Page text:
'NYT' Public Editor Nails Native Ad Issues

The New York Times’ public editor Margaret Sullivan continues to tackle some tough issues facing the publishing world. She took on native advertising and put her finger on the dilemma that lies at the heart of the practice: the tricky balancing  act (or simple contradiction) between ethics and efficacy.

Sullivan notes that native advertising is quickly becoming a key revenue source for the New York Times Co., making up 18% of total digital ad revenue in the third quarter, and still growing fast.

She also concedes that it has been clearly marked as paid posts and, until recently at least, most readers have found the NYT’s native ads “unobjectionable.” That's reflected in the fact she received almost no complaints over the first two years they have appeared on the site and occasionally, in the print edition.

However, Sullivan notes that changed with the introduction of a new native ad feature in the middle of the NYT’s home page -- a horizontal content well with a handful of blurbs for native ad content, currently highlighting five paid posts.

Although marked “From Our Advertisers,” the new feature resembles surrounding editorial content in format and graphic treatment, including some images that could easily be editorial photography.

After a number of reader complaints -- one saying it was “a classic illustration of breaching the wall between editorial and advertising” -- Sullivan took up the issue with NYT chief revenue officer Meredith Kopit Levien.

It turns out changes were already underway. The newspaper had decided to drop the word “Stories” from the header. (It previously read “Stories From Our Advertisers.”) Sullivan also gives them credit for trying, in essence, to reinvent digital advertising to fit an entirely new paradigm, in which consumers -- gasp -- actually want to read marketing content because it is interesting and useful.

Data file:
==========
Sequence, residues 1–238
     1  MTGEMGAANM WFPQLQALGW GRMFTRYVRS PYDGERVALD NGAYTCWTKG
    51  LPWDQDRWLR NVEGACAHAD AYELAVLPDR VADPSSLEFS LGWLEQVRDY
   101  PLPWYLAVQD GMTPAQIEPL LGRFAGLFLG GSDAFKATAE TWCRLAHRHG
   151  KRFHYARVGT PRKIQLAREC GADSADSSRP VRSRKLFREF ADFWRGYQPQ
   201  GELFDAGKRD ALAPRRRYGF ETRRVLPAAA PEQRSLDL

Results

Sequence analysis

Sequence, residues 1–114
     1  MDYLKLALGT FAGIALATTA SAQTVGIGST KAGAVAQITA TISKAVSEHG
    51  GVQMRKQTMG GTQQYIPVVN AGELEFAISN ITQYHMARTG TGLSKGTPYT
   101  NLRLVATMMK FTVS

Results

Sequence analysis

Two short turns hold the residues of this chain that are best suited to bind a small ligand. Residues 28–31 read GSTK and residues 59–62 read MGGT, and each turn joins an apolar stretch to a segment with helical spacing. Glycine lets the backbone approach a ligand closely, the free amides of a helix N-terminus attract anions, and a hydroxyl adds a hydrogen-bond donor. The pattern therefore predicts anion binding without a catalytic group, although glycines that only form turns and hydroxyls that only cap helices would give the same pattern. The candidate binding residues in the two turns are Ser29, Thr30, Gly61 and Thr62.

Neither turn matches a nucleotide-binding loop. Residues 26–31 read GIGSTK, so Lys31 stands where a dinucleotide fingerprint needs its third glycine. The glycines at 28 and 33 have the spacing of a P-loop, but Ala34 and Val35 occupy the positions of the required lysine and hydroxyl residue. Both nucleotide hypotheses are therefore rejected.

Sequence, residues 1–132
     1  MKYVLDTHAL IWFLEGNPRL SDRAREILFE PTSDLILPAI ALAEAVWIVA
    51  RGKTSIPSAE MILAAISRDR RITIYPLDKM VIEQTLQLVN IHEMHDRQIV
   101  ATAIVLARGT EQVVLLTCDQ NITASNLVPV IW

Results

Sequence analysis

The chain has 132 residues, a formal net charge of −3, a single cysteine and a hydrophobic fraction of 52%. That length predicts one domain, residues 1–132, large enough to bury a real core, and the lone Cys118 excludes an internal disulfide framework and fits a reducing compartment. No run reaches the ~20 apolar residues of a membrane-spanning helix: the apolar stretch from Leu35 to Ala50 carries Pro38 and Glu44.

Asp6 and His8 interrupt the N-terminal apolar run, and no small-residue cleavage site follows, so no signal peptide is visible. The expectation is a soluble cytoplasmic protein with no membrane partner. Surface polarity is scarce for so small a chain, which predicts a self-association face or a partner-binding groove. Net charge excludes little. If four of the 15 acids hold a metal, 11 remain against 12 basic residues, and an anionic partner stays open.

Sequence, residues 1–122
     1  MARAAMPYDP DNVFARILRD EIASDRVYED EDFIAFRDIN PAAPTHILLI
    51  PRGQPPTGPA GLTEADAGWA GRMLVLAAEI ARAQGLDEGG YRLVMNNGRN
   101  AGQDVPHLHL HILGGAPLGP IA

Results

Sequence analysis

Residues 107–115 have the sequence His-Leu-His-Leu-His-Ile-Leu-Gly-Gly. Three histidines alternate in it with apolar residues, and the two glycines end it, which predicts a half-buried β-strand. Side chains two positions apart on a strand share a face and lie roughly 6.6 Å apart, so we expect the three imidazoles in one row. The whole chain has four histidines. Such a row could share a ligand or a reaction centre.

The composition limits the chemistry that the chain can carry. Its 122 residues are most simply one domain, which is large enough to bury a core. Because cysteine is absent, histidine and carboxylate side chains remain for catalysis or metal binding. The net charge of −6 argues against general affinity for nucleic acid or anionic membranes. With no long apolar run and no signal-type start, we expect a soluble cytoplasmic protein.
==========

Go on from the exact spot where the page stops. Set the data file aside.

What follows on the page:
Like other native ad proponents, Levien points to the rise of ad blocking as proof that earlier online ad models have often alienated consumers, making it much harder to monetize content and, thereby, support quality journalism.

On the other hand, Sullivan pulls no punches when it comes to analyzing the appeal of native advertising to marketers. No matter how people want to spin it, native advertising succeeds in part because it is formatted to resemble the surrounding editorial content -- and this raises the question whether publishers that use it are deceiving their readers in some way.

Sullivan lays out the contradiction concisely: “There is, however, an inherent problem: If native ads look too much like journalism, they damage credibility; if they look nothing like journalism, they lose their appeal to advertisers. A fine line, indeed.”

I would add that, even if publishers allow ads that resemble editorial content, it’s entirely possible consumers (who may not have been savvy to online ad strategies to begin with) will catch on and stop clicking.

So in the long-term, native ads might not be as effective as they seem at first glance. In this case, they are merely another example in a long line of ad models that worked for a while before slowly losing their novelty and wearing out their welcome.

But this time, with the added risk of sacrificing the publisher’s credibility.

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